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Lillian Roth: A Success Story

Updated: Sep 14, 2020

with Buddy Rogers in "Paramount on Parade"

Lillian Roth was once a rising star, a singer with a powerful brassy voice and a charming dimpled smile that seemed destined for great things in the early talkie era. Appearances in Animal Crackers and Madame Satan will remind film buffs that they know her work, but enduring fame during this era eluded her. Why? Roth was an alcoholic and was at the beginning of her downward spiral in the early 1930s.

Roth was one of the first stars to admit her shortcomings and break her story to the public. In 1953, she appeared on This is Your Life, a television show which surprised an unsuspecting celebrity guest with stories and people from their past. In this episode, Roth was a planned guest and agreed to tell her story in hopes of helping other alcoholics who did not yet have the courage to face recovery.

Roth was hospitalized in 1941

She once had fame and fortune, but the death of her fiancee from tuberculosis sent her into a major depression. She used alcohol as a crutch, requiring more and more to face the day, and then a daily dosage to keep herself from becoming violently sick. She bounced from husband to husband, often impulsively marrying men, leading to disaster. The worst was to third husband Mark Harris, a man who schemed to cheat her out of her remaining money, and savagely and frequently beat her, several times sending her to the hospital. She stayed in the marriage because Harris had a son from a previous relationship and Roth desperately wanted to be a mother. The relationship finally became perilous enough for her to get away and to secure a divorce, but she had not yet hit rock bottom.

It took more than a decade of alcohol abuse to destroy Roth's body. Her organs began to fail, and her mother scraped up enough money to institutionalize her daughter. The doctors helped her to detox and tried to teach her to take care of herself while staying sober. They warned her that even one drink could kill her. It was not enough. Roth turned to the bottle and was appalled that she didn't have the strength to beat it by herself. At her lowest point, she went to an Alcoholics Anonymous meeting in desperation. The people there recognized her call for help, and even though she tried to backtrack and minimize her problems, they took her in and helped her detox. They introduced her to the 12 steps and showed her that people from all walks of life could be alcoholics. They taught her not to be ashamed, and to take life and sobriety one day at a time.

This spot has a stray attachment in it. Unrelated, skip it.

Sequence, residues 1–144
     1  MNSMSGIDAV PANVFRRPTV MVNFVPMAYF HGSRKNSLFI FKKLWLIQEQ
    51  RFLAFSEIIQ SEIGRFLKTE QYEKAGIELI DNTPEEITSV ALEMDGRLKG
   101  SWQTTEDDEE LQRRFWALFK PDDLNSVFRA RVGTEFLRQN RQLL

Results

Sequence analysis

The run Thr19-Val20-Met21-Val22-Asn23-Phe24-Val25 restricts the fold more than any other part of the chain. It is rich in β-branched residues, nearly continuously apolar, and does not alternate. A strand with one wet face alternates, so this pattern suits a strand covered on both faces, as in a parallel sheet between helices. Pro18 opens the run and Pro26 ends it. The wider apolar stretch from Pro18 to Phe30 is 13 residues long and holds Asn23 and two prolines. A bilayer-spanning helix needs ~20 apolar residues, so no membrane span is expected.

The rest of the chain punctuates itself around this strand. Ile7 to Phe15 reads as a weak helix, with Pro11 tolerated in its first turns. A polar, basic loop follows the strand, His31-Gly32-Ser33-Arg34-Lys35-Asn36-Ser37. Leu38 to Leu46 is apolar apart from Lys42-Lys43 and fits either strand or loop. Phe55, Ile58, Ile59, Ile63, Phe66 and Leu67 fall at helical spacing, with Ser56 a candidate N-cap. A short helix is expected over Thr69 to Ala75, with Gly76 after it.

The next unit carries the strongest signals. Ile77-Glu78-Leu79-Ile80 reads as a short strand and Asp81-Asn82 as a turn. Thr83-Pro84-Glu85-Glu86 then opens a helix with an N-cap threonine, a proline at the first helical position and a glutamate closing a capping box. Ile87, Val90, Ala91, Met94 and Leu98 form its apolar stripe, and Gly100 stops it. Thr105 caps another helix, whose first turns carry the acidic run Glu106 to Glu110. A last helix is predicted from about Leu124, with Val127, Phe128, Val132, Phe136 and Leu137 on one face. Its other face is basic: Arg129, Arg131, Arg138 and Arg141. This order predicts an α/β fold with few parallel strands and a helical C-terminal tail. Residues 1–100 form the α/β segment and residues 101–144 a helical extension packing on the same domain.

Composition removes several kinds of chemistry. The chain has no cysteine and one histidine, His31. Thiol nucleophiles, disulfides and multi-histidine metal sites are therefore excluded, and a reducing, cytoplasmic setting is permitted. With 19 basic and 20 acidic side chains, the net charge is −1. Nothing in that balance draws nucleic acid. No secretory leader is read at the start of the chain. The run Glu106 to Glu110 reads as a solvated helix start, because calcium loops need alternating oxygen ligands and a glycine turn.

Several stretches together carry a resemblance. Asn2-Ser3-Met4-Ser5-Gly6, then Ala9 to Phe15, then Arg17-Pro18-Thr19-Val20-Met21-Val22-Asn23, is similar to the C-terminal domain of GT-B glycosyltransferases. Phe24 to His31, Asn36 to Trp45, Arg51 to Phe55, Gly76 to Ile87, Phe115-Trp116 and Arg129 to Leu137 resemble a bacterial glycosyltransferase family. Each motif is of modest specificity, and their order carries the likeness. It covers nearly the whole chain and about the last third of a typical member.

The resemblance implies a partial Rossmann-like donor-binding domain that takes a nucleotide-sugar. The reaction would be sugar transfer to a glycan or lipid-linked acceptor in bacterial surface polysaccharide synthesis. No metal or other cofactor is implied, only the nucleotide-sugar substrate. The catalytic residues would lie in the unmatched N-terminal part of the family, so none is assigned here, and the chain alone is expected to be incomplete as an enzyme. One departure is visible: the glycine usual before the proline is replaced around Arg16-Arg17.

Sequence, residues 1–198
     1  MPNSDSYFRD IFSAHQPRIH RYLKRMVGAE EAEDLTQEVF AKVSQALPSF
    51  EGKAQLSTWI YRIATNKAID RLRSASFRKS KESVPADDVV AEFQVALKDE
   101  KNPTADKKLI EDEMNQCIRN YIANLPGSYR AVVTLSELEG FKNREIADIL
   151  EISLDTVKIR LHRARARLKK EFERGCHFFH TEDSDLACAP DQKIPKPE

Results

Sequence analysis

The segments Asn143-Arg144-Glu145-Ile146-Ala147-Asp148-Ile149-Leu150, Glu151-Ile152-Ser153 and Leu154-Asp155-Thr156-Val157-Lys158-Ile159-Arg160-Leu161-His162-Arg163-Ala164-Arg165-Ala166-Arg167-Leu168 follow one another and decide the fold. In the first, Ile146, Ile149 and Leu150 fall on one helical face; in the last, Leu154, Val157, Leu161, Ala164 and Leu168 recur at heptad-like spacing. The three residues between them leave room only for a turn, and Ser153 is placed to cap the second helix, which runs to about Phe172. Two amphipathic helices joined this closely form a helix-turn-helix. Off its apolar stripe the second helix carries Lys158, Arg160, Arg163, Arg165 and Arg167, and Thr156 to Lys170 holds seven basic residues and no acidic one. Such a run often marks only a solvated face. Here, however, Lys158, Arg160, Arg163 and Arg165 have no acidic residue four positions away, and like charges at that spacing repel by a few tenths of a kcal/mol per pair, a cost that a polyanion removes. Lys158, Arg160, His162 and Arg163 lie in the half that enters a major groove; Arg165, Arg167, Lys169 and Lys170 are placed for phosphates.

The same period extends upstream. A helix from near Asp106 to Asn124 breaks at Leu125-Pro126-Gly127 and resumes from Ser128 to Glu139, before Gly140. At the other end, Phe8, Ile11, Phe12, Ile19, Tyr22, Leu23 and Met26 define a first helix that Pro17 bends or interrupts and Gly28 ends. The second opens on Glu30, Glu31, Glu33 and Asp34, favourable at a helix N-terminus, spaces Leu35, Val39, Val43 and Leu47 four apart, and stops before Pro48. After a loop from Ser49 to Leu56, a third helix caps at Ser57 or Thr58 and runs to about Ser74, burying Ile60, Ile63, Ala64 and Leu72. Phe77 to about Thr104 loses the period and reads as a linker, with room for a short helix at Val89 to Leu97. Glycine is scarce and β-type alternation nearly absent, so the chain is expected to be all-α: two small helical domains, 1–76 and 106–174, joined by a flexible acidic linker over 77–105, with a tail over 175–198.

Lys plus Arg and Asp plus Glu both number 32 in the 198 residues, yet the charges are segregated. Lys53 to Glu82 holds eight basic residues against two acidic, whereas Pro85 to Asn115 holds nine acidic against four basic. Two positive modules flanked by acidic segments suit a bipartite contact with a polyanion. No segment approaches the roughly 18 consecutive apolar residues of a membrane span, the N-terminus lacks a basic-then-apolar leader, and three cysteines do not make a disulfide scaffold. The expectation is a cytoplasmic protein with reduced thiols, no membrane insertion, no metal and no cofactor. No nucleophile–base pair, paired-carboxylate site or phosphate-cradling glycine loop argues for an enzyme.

Her fascinating, heartbreaking and triumphant story can be found in her two books: I'll Cry Tomorrow and Beyond My Worth. Her appearance on This is Your Life inspired many people to find help for their addiction, and inspired her to write her first memoir. It sold more than 100,000 copies in a few months and inspired a biopic starring Susan Hayward, for which she was nominated for an Oscar.

Roth and Hayward at "I'll Cry Tomorrow" premiere

Hayward is excellent in the part, alternately vulnerable, charming and gruesome. Although the film is harrowing, it leaves out a lot of the gory details, especially the violence. The style is all 1950s; the film makers made no attempt to give Roth's early days an authentic 1910s-1930s look. As a result Hayward resembles Roth of the 1950s more than from her youth. The "Sing You Sinners" number is anachronistic but entertaining, and Hayward did her own singing. The DVD includes footage of the two at the premiere of the film and a short film featuring Roth from 1934 called Story Conference.

Roth's legacy is her impact on the recovery community. She and her husband Bert McGuire, who she met in AA, worked to establish AA meetings across Australia. She became a face of recovery, an example of how much alcohol addiction can wreck a life, but also that it is possible to triumph against it and find success again. Roth performed a nightclub act and found work in the theater in shows like I Can Get it For You Wholesale and 70, Girls, 70. Roth died a few months after having a stroke in 1980.

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